As a Japanese citizen, I read with great interest the speech US President Barack Obama gave during his recent historic visit to Hiroshima, and one sentence struck me like no other: “Those who died, they are like us.”
With these few simple words, he quietly called on people around the world to exercise their empathy to bridge the distance, however great, in time and space, to see those 200,000 people killed by the atomic bombs in Japan – indeed all those we see as “others” – as fellow human beings.
The 2030 Agenda for Sustainable Development, recently adopted by the member states of the United Nations, echoes this challenge by calling on nations to overcome inequalities and exclusions to ensure a life of dignity for all people, leaving no one behind. The United Nations Population Fund, where I serve as the Regional Director for Asia and the Pacific, seeks to contribute to this objective by helping countries to achieve universal access to sexual and reproductive health.
A life of dignity
Given our mandate, we are happy to see that the World Economic Forum on ASEAN 2016 is focusing on how to achieve economic integration with social inclusion, and particularly universal health coverage. Because without all people having access to good healthcare that includes sexual and reproductive health services, it is impossible to achieve that goal of a life of dignity for all human beings.
Sexual and reproductive health, at heart, has to do with ensuring that people can enjoy that most intimate and delicate part of our lives – how and with whom we share our bodies and our hearts, and whether and when to have children – in safety and in freedom. It includes, among other services, the provision of family planning methods and counseling and skilled professional assistance when women give birth.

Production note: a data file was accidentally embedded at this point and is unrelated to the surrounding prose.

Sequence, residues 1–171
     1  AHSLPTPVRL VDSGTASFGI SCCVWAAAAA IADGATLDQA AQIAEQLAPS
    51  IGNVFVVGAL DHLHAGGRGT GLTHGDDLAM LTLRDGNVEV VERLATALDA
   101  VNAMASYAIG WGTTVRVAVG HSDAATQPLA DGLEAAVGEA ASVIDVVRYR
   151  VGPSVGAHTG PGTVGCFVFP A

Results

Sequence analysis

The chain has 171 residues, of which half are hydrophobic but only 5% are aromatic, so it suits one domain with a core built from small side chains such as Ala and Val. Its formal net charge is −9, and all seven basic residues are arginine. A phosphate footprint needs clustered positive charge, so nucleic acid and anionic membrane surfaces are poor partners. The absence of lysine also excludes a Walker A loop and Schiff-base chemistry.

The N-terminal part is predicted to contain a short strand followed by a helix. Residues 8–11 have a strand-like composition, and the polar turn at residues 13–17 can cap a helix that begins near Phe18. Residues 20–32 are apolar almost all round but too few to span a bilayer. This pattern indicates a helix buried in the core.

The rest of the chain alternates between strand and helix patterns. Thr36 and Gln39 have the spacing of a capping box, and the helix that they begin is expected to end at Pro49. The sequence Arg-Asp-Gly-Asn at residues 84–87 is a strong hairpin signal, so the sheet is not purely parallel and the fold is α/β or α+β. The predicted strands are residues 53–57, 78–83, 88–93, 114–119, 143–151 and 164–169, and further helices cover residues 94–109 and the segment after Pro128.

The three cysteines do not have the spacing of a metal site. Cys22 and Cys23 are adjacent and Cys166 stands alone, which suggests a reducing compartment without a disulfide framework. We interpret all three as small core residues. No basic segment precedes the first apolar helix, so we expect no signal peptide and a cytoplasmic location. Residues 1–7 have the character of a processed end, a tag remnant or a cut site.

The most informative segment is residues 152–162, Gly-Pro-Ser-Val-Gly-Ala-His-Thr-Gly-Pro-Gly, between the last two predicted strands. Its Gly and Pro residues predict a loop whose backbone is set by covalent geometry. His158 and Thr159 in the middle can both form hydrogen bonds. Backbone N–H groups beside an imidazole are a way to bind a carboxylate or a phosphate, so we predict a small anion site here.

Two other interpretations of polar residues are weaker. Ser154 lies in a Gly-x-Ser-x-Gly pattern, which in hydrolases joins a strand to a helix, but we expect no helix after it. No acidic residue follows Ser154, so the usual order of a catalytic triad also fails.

Whether women have access to good sexual and reproductive health services is a matter of life and death. Every year, close to 13,000 women die of causes related to pregnancy and childbirth in the ASEAN region. We estimate that a quarter of those deaths can be prevented if women are provided with effective contraceptive methods. Almost half are a result of women not having proper care before, during and after giving birth.
Inequality of care
One way to save women’s lives is by ensuring access to skilled birth attendance. This varies widely within the ASEAN region, from 41.5% in Lao PDR to 100% in Brunei Darussalam.
Another measure is the rate of utilization of modern family planning methods. Here too, the levels vary greatly within ASEAN: from about 46% in Myanmar to close to 80% in Thailand. Within the same country as well, there are large inequalities – between women living in rural areas and those living in cities, between ethnic majorities and minorities and between the poor and the rich.
To eliminate these inequities and ensure that all people have access to sexual and reproductive health, countries must invest more in these services to provide sufficient and properly trained health professionals, adequate infrastructure for them to work in, and also essential equipment and medicines.
On average, the ASEAN countries spend 4% of their GDP on health, which contrasts with the 12% average of OECD countries. Of course, OECD countries are wealthier than ASEAN nations – but this is about countries placing the greatest possible priority on health in using the wealth that is available to them. And on this front, most ASEAN countries can and must do more. Thailand, for example, started its journey towards universal health coverage almost four decades ago when its GDP per capita was only $400.
And finally, to ensure that universal health coverage is truly universal, countries must take those services to those communities and people who have so far been excluded – the rural poor, ethnic and religious minorities, the disabled, migrants and refugees, the LGBT community.
This is not an easy endeavor, but we at UNFPA are confident that with strong and sustained political will, the ASEAN region can achieve the goal of universal health coverage and universal access to sexual and reproductive health by 2030. And to muster that will, let us remember that the mother from an ethnic minority who died from bleeding in childbirth because she could not reach a clinic in time, the teenage girl in an urban slum who had to drop out of school because her pregnancy started to show, the gay young man who contracted HIV from ignorance about the virus and a lack of access to protection – they are like us.